Twentieth Century Fox Film via Everett Collection
Samuel L. Jackson was stunned to hear of Harrison Ford's nasty onset accident and is convinced "something went terribly awry" on the Star Wars shoot. The Hollywood veteran was hospitalised in Oxford, England last week (ends15Jun14) after breaking his ankle on the set of the sci-fi franchise reboot, and reports suggest he will spend up to two months recovering from his injuries.
Jackson, who has also appeared in the Star Wars movie series, admits he was shocked by news of Ford's accident - which was reportedly caused by a heavy spaceship prop - because movie sets are usually very safe. He tells U.K. TV show Lorraine, "I'm sure it wasn't because he wanted to or it was something he was doing (sic)... I'm sure something went terribly awry if that happened because most times insurance companies don't like us doing those things (stunts)!"
Jackson goes on to insist he is not disappointed to have been left out of the cast for Star Wars: Episode VII, adding, "No (I'm not disappointed), not really - I thought I did (want to do it) and it would've been interesting but if I don't get the call, I have so many things going on that I can do and hopefully that new era of Star Wars films will be as popular as the ones that we did and the ones that were done before."
Denzel Washington's star power has helped make the revival of A Raisin In The Sun a hit on Broadway, with the show earning $1.2 million (£705,446) in its first full week. The latest production of Lorraine Hansberry's award-winning 1959 race drama has been playing to sold-out audiences at the Ethel Barrymore Theatre in New York since its 3 April (14) opening, making it the fifth highest-grossing show of the week ending 13 April (14).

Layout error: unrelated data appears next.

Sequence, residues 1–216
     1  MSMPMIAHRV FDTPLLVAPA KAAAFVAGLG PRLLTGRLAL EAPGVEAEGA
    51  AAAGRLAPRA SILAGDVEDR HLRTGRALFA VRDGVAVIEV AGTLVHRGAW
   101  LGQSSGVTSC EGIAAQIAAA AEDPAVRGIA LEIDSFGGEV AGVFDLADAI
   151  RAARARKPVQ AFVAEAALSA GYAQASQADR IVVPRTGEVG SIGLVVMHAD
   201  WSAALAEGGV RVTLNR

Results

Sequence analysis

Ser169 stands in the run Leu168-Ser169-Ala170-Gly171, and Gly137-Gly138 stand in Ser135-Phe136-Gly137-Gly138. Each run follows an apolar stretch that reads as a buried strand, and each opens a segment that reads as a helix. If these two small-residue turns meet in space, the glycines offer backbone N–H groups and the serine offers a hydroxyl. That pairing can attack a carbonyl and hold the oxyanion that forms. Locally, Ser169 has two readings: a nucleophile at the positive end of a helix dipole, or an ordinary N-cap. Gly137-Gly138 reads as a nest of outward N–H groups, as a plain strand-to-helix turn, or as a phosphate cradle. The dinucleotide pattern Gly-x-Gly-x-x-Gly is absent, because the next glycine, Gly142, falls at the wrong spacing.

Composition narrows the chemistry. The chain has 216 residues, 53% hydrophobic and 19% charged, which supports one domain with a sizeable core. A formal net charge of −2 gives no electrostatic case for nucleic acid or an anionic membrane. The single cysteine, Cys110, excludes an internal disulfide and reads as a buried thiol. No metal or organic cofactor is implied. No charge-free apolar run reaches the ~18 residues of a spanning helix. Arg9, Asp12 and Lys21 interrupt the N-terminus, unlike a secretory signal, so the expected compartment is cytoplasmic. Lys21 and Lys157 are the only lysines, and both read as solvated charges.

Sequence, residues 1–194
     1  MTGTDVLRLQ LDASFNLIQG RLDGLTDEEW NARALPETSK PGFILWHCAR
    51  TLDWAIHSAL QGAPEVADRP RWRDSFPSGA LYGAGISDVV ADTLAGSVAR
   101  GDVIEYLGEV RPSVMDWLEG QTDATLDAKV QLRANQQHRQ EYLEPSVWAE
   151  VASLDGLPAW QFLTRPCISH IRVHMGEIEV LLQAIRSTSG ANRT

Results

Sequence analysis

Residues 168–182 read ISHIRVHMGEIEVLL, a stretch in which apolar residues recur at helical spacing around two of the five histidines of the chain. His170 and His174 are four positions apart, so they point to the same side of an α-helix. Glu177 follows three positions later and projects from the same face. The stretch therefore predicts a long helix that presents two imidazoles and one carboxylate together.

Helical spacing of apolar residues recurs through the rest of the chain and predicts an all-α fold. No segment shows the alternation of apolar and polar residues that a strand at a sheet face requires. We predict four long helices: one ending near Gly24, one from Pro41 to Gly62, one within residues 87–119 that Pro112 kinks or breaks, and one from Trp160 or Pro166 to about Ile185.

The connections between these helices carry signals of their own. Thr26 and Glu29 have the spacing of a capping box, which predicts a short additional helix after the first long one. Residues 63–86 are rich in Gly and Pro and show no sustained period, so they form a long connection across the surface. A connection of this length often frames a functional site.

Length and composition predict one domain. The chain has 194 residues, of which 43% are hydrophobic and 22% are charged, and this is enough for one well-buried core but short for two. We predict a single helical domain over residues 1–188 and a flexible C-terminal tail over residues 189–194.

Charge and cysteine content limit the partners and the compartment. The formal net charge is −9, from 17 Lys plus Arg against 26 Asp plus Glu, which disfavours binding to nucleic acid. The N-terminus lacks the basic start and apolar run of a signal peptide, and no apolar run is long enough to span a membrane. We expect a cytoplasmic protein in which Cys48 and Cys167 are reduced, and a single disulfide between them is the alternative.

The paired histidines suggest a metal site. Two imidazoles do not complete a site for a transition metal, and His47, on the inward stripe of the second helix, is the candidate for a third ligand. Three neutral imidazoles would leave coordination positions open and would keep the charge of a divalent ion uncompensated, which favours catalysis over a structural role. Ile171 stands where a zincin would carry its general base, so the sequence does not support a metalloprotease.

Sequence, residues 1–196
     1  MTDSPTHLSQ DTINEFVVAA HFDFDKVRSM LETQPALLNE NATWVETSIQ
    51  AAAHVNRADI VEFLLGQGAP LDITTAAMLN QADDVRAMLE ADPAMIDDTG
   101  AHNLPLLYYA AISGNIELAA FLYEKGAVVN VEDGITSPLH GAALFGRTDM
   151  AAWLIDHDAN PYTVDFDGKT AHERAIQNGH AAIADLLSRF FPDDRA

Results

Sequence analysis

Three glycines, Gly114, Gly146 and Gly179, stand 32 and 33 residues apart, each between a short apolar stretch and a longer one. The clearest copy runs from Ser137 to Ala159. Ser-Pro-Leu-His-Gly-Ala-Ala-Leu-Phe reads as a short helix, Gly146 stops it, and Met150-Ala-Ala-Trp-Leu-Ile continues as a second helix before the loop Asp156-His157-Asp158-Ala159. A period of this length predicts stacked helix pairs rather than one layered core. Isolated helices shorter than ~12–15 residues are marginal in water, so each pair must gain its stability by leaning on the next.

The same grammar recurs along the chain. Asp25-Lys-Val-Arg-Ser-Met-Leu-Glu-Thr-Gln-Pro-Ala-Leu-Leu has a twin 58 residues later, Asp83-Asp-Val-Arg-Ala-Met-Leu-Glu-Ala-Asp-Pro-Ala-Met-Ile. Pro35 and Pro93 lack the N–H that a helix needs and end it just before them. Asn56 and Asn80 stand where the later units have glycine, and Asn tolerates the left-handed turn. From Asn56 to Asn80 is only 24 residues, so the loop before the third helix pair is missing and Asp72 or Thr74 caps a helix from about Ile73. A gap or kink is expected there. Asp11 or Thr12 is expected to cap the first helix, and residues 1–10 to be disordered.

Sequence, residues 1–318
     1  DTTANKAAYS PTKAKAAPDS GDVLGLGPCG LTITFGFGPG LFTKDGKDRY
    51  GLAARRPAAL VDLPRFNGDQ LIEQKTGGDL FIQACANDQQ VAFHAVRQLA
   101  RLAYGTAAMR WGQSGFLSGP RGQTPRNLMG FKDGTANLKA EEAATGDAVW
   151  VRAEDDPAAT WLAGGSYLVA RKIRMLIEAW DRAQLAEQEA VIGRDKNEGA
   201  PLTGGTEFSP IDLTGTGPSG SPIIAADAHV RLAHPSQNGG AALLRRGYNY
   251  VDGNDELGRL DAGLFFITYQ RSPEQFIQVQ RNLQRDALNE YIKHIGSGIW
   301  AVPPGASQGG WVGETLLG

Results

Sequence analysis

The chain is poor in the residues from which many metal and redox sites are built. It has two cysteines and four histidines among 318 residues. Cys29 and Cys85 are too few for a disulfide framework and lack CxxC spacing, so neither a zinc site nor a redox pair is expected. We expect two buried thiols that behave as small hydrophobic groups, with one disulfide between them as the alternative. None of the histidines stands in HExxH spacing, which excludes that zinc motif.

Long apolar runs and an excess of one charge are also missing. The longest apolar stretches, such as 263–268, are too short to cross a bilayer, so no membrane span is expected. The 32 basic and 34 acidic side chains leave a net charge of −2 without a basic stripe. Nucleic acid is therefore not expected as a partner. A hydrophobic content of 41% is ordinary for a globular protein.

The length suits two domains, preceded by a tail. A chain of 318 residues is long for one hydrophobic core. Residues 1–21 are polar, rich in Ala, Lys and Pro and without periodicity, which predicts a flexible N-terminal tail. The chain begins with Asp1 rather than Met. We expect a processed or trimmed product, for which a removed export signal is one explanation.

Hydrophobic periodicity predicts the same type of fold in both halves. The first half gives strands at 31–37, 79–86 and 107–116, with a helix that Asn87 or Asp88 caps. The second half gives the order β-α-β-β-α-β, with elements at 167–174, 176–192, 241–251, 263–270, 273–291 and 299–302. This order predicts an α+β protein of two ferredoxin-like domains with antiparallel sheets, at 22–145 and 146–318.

In addition, the play is the only non-musical to surpass the $1 million (£597,836) mark in a week.
Among those flocking to see A Raisin in the Sun were U.S. President Barack Obama and his wife Michelle, who attended the production on Friday (11Apr14).
Washington stars alongside Sean Patrick Thomas, Anika Noni Rose and Samuel L. Jackson's actress wife Latanya Richardson.
Denzel Washington's return to the Broadway stage has won him rave reviews. The Oscar winner is leading the cast of a revival of race drama A Raisin in the Sun, and the critics love his performance as chauffeur Walter Lee Younger.
Variety has called his latest role "a personal triumph", while USA Today insists Washington's portrayal is "riveting".
British actress Sophie Okonedo also won praise in her Broadway debut as Washington's onstage wife.
New York Times critic Ben Brantley writes, "Despite the central presence of a movie megastar, the 2014 Raisin has a welcome egalitarianism," while The Hollywood Reporter's David Rooney adds, "Washington is the star attraction, but it's the harmonious balance of an impeccably matched ensemble that makes (director) Kenny Leon's lovingly staged revival of A Raisin in the Sun so alive with authentic feeling."